Tuesday, August 14, 2012

Green Algae

The school where I work has an outdoor classroom that invites nature into our urban schoolyard and creates a peaceful outdoor space for students to learn about life.  We have trees, wildflowers, and a pond, each hosting their share of associated organisms.  I'll be doing some nature blogging about the outdoor classroom for use by teachers at our school, and I'm posting the first outdoor classroom blog post here:

Welcome!  I'm excited about starting an outdoor classroom blog.  I can't wait to see what we find in our little urban nature oasis.  The subject of our first post is green algae.

If you look under the surface of the pond, you see a very busy ecosystem indeed!  There are plants, fish and insects, and those are just the visible organisms.  There are way more microscopic organisms than big ones, which I'll save for a future post.

Green algae growing just below the surface of our pond.
The strangest macroscopic (big enough to see) organism is the filamentous green alga that forms clouds of soggy green cotton candy.  But what on earth are green algae?  They seem a lot like plants: they photosynthesize, they have cell walls, and they have chloroplasts (green structures that photosynthesize).  There are also some features of green algae that we don't usually associate with plants: they live entirely under water; they don't form roots, leaves or stems; and some of the microscopic ones can swim!  Scientists have wavered a bit about whether algae are actually plants or protists.  The discovery of how to sequence DNA has allowed algal geneticists to confidently classify green algae as plants, though the other colors of algae (red, brown and blue-green) are not classified as plants.  I have had to re-learn my green algae taxonomy!

Interconnected strands of green algae pulled up from under the surface.
Our green alga (alga, hard g, is singular, and algae, soft g, is plural) is a filamentous type, meaning it grows in long strands.  The filaments (strands) of green algae are only one-cell thick, which is surprising considering how tough they are.  Each algal cell is cylindrical like a soup can, and the filament is arranged like an infinite strand of soup cans glued end to end.

Green algae out of the water.
The color of green algae comes from the pigment chlorophyll, just like in other plants.  Chlorophyll is the molecule that can catch light to allow plants to use its energy to build food.  Green algae cells contain structures called chloroplasts that hold the chlorophyll plus all the other machinery needed to conduct photosynthesis.  All plants' cells contain chloroplasts.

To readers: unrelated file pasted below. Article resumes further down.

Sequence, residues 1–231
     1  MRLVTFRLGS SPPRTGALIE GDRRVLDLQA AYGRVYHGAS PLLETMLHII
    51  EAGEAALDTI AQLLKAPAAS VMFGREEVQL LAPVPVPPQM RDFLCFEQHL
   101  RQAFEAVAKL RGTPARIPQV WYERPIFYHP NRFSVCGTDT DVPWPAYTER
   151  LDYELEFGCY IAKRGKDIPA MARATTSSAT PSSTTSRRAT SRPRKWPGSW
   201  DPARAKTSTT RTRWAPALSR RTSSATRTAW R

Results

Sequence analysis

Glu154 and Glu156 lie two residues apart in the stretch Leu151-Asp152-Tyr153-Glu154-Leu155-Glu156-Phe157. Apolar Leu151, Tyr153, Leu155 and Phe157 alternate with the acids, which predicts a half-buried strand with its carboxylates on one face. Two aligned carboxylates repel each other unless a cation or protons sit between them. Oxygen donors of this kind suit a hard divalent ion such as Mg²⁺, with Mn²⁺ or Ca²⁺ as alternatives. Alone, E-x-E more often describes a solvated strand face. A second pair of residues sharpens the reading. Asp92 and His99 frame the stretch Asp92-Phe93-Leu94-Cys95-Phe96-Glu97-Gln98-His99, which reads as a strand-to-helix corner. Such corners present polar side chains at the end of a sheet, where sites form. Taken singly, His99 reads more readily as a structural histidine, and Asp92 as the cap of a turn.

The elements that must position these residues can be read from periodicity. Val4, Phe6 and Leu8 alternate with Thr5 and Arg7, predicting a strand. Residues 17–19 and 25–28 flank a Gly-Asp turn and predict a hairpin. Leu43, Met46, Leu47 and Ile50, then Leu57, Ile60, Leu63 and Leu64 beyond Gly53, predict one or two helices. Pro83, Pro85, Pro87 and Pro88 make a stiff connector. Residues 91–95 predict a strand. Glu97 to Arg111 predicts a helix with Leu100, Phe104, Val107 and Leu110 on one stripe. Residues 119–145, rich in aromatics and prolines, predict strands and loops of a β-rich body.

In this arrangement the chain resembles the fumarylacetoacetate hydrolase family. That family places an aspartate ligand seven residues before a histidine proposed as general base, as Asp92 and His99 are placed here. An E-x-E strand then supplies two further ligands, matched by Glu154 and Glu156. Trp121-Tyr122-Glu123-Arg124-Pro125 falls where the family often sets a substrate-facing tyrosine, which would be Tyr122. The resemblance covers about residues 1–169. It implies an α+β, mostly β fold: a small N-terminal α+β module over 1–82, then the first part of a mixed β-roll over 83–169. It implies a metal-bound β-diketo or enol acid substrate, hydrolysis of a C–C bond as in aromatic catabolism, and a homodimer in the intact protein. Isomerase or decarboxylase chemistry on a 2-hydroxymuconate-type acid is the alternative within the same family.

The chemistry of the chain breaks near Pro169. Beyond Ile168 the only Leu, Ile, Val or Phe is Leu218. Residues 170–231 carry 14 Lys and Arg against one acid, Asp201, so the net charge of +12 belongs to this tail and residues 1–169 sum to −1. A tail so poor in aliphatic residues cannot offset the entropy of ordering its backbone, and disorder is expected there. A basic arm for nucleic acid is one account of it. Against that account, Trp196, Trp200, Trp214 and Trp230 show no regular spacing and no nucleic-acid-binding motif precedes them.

I looked at the algae from our pond using a microscope that magnified what I saw by a factor of 100.  In the picture below, you can see the cell wall between adjacent algal cells, just above the pointer.  Cell walls are rigid structures made of cellulose (a strong, rigid molecule), and they give plant cells their shape.  Paper is made by starting with plant material and getting rid of everything but the cellulose, meaning that paper is essentially squished, dried plant cell walls.
The pointer rests on a filament of green algae.  A broken alga releases its cell contents. 100x
Another interesting thing in the picture above is the broken cell.  A chloroplast is slipping out of the broken plant cell in the center of the picture.

Below is another view under the microscope, with one normal filament and one filament with shrunken cell contents.  The chloroplasts and other structures have been compressed into a central structure in each cell.  The strange filament may be undergoing reproduction or it could be stressed, but either way, you can see the beautiful cylindrical shape of each individual cell.

Shrunken cell contents in the lower filament allow you to see the cell walls.  The round object is an air bubble. 100x
In our pond, the algae seem to be growing quickly.  There is ample sun for food, plus decomposing leaves and insect/fish excrement providing nutrients, the equivalents of vitamins in our food.  When you see a pond with lots of algae in it, you can assume that there are a lot of nutrients in the water, either from natural sources or from pollution.

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